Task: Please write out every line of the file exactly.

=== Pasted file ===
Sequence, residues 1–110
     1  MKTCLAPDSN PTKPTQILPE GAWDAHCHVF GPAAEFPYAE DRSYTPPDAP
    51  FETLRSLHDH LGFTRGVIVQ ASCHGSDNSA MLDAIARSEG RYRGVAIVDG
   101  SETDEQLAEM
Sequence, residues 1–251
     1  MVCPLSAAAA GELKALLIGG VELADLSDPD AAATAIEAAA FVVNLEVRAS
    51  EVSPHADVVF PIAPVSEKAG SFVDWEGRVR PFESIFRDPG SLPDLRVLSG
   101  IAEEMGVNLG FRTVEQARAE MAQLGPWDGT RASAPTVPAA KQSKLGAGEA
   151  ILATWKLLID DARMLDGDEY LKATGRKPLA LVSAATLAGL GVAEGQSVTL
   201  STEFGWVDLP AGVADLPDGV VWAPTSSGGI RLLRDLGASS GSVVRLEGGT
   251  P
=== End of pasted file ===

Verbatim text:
Sequence, residues 1–110
     1  MKTCLAPDSN PTKPTQILPE GAWDAHCHVF GPAAEFPYAE DRSYTPPDAP
    51  FETLRSLHDH LGFTRGVIVQ ASCHGSDNSA MLDAIARSEG RYRGVAIVDG
   101  SETDEQLAEM
Sequence, residues 1–251
     1  MVCPLSAAAA GELKALLIGG VELADLSDPD AAATAIEAAA FVVNLEVRAS
    51  EVSPHADVVF PIAPVSEKAG SFVDWEGRVR PFESIFRDPG SLPDLRVLSG
   101  IAEEMGVNLG FRTVEQARAE MAQLGPWDGT RASAPTVPAA KQSKLGAGEA
   151  ILATWKLLID DARMLDGDEY LKATGRKPLA LVSAATLAGL GVAEGQSVTL
   201  STEFGWVDLP AGVADLPDGV VWAPTSSGGI RLLRDLGASS GSVVRLEGGT
   251  P